“The fans tell you who that player is,” he said. “When you can see that connection start to happen between a player and the fans and the way they react to the player when he steps out on the field, or comes to the plate, or takes the mound. That’s when it crystallizes for you.”
In what he expects to be his final season with the team, Seager knows it can’t be him, but he thinks it could be Marco Gonzales or Mitch Haniger — two proven players.
Gonzales should be the leading candidate despite being incorrectly characterized by Mather as “very boring.” He has been the Mariners’ best pitcher the past three seasons and has assumed a leadership role on the team. He’s a Gonzaga graduate who lives in West Seattle year round and has signed a contract extension that will keep him on the team through 2024. He’s the type of person you want to be your kid’s best friend. But is that enough to capture the wonder of fans?
Haniger is talented, but the time away because of injuries and a potential exit via trade or free agency is limiting.
There is also outfielder Kyle Lewis, the reigning American League Rookie of the Year.
“I mean he did win a pretty big award,” Seager deadpanned. “That probably should mean something.”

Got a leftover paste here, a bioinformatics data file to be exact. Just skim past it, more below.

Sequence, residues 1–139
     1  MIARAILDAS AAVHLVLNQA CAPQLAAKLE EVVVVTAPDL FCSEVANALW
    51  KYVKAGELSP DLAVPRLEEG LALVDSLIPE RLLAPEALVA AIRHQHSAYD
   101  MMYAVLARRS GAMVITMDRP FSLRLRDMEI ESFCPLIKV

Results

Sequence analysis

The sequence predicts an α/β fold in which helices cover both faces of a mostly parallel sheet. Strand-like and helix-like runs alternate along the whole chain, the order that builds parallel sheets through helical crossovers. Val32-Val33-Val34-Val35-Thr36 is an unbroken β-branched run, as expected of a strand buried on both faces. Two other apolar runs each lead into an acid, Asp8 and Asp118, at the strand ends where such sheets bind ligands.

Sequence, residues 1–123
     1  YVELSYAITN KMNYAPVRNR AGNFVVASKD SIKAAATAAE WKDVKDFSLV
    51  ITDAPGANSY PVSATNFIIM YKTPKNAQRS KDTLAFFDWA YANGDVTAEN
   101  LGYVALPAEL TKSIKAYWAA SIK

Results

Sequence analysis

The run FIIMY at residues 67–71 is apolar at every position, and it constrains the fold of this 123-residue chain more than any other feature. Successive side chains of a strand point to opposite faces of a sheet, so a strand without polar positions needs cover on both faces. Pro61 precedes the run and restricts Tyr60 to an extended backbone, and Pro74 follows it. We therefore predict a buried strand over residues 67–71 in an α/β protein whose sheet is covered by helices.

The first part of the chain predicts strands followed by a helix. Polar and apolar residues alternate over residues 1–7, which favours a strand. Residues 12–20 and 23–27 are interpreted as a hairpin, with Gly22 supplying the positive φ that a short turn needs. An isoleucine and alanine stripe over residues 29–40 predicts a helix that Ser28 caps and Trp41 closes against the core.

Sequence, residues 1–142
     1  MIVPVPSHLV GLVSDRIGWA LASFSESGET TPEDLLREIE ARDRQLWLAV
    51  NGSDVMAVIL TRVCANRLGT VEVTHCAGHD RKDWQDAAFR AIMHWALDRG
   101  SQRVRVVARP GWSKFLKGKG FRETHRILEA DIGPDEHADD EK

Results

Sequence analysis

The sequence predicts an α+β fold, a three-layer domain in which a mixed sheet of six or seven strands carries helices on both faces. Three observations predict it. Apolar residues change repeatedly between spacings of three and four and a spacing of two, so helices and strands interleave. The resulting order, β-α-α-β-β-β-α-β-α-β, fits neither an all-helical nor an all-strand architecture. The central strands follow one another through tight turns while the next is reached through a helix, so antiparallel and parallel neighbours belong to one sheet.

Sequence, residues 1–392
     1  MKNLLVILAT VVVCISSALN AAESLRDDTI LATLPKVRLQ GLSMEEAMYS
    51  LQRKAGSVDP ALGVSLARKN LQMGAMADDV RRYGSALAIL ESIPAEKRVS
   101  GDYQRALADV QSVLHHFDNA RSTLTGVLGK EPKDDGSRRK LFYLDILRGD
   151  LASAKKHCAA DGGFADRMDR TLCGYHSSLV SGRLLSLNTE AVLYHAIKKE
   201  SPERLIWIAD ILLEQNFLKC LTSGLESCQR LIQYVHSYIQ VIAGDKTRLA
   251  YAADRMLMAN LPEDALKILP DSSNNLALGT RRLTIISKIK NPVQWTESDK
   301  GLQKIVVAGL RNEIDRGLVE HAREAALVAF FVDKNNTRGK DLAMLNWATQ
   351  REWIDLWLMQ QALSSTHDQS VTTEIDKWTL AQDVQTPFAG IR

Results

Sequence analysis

Lewis has the intangibles that could thrust him into that role. But he loathes talking about himself or his accomplishments. He wants his play on the field to speak for itself.
“It’s all part of the process,” he said. “I try to take things in stride. I just try to be myself.”
Lewis has operated somewhat unnoticed this spring with top prospects Jarred Kelenic and Julio Rodriguez drawing the attention of fans with their seemingly limitless potential.
“Everybody loves the prospects,” said Seager, who admittedly was never one himself. “What is a prospect? A prospect is hope.”
Kelenic has an intense swagger and confidence that says, “I’m good, and I will show you,” while Rodriguez has an ebullient personality and comfort level in public.
“Julio could definitely handle it,” Evan White said. “Heck, he’d jump to the front of the line.”
But to Ichiro, consistent production means more than hype and hope. You have to prove it on the field.
“There are a lot of great players with great skill and a lot of potential, but when you’re talking about replacing somebody, like a Felix or the next guy up, that comes with results,” he said. “You’ve got to have results in order to be in that spot. I think it’s going to take some time. I feel like if you can put up the numbers for three years, if you can prove that you’re that guy, then I think you can take on that role.”